The waxes used in the present invention include any waxes commonly used in moistureproofing, e.g., parafiin wax, ceresin wax, Japan wax, spermaceti Wax, or the wax- In order to allow sufficient' time for fusing of the polyvinyl film duralthough sometimes none is necessary asthe polyvinyl d the polyvinyl resin in dispersion is stable under such conditions. Although an excessively acid surface may cause agglomeration of a thin vinyl coating, exact neutrality is not always essential since thicker coatings are relatively unalfected by usual residual acidity of the stock to be coated. An suitable paper or paperboard may be used as the starting uncoated sheet, e.g., single or multi ply paper or paperboard, such as cylinder board or Fourdrinier paper and paperboard, preferably such base materials having a thickness. of 0.005 to 0.5 inch, preferably 0.005 to 0.4 inch, and a weight of at least about 25 pounds per ream (3,000 square feet).

The procedures which may be used for preparing the aqueous emulsion-dispersion of the present invention are well known in the art. The Wax and its emulsifying agent are mixed and heated together and then added to the water with vigorous agitation. The antiblocking agent and polyvinyl resin, each with its respective emulsifying and dispersing agent, are then added'with further agitation, preferably in that order. When to be used for packaging of foods, itis preferred to use Federal Food and Drug Administration approved emulsifying and dispersing agents, e.g., with the wax, oleic acid, morpholine, or the like; with the antiblocking agent, polyoxyethylene monooleate, sorbitan monostearate,.rnono-fatty-acid esters of polyethylene glycol or the like; and with-the vinyl resin, sodium 'oieate, sodium salt of dodecane-l-sulfonic acid, lauryl amine hydrochloride, or like dispersing agents. Other polyvinyl resin dispersing agents listed in column 41of US. Patent 2,636,870 may alsobe used,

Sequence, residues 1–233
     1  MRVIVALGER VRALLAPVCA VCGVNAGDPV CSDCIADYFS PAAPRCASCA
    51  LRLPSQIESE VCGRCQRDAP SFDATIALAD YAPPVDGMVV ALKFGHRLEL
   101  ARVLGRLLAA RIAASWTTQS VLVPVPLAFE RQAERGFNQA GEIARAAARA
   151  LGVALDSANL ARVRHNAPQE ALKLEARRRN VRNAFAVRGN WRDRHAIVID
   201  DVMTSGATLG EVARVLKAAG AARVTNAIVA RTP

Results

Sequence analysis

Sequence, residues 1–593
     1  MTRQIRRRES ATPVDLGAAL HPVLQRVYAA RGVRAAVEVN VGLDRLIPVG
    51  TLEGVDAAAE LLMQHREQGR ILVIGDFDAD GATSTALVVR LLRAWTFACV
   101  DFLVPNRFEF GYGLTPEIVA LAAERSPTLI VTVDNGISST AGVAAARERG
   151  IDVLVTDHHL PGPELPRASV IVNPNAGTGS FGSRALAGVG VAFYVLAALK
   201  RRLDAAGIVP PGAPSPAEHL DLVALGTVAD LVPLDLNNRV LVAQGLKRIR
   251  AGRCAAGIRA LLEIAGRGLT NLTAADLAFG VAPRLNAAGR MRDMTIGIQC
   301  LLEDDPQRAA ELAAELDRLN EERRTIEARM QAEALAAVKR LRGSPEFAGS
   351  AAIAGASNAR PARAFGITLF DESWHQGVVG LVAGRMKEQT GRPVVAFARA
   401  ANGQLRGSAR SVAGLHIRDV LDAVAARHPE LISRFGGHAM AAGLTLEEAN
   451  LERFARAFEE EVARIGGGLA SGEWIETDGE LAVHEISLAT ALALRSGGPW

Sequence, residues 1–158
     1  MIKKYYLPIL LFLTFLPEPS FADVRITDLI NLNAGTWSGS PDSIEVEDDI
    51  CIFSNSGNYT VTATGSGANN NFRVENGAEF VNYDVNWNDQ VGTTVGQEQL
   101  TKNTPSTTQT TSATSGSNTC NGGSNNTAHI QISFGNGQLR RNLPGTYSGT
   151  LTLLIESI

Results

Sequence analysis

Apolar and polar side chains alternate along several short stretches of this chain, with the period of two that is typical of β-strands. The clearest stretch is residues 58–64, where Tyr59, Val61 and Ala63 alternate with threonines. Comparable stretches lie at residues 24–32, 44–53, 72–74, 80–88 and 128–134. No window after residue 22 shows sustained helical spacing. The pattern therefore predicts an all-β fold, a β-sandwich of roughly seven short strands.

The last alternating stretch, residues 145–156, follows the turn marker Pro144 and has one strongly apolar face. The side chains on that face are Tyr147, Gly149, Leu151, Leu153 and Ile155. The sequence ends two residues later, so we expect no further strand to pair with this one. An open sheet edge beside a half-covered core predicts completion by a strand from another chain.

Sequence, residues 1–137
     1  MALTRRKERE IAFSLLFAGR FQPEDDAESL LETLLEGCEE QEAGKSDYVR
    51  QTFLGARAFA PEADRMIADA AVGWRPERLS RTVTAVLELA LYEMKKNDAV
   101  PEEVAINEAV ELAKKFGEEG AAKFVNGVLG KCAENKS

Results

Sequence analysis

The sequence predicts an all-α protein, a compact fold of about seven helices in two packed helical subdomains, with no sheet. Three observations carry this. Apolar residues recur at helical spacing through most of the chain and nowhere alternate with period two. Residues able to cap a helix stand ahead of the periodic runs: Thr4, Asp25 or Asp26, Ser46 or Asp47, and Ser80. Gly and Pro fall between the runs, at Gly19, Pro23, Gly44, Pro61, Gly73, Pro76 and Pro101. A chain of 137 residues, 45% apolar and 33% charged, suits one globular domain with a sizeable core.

resin is relatively stable except under acid conditions. if the emulsion-dispersionis on the acid side, it should be adjusted to basic to about neutral pH, as with alkali or usual bufferlsystems, e.g., a phosphate buffer system,

- due to the fact that excessive acidity tends to unstabilize ing processing without interference due to heat attraction I of the wax, and to avoid blocking and streaking during shipment or storage of the coated products of the invention, it is necessary to use wax melting above about 150 Fahrenheit and preferred to use wax melting from about 170 to 180 Fahrenheit, or even higher. Examples of preferred waxes are refined mineral waxes, e.g., ceresin wax, refined animal waxes, e.g., beeswax, microcrystalline waxes, e.g., those of Louisiana, Pennsylvania or mid-continent origins, highly refined paraffin waxes,

mixtures thereof, and the like. When the coated product.

is intended primarily for use in food packaging, it is preferred to use Federal Food and Drug Administration approved waxes, e.g., highly refined paraffin wax.

The base materials coated according to the present invention may be and preferably are fibrous cellulose sheet materials, including folded or wound sheet materials, e.g., carton blanks or convolute tubes, including various types of paper or paperboard, parchment, non-Woven textiles, virgin or regenerated cellulose, and the like. Preferably the starting base material will be paper or paper- 'board in such sheeet form and have a smooth, about neutralpH surface with a good fiber laydown. The fiber 'laydown is essential only where the coating is to be sufficiently thin that it would otherwise not penetrate through 4 the erect fibers to give complete coating of the paper or paperboard along its entire surface. In order to have a desirable smooth surface, either calendered or precoated, preferably hard sized, paper or paperboard is advantageously'used. However, hard sized paper or paperboard has an acid surface so that lt'lS sometimes advantageous to pretreat it with a slightly basic material, e.g., borated stock may even be or'be made somewhat basic, since The surface of the the polyvinyl resin dispersion and sometimes results in undesirable agglomeration of the resin particles which interferes with production of an integral film of the polyvinyl resin at a later stage in the process.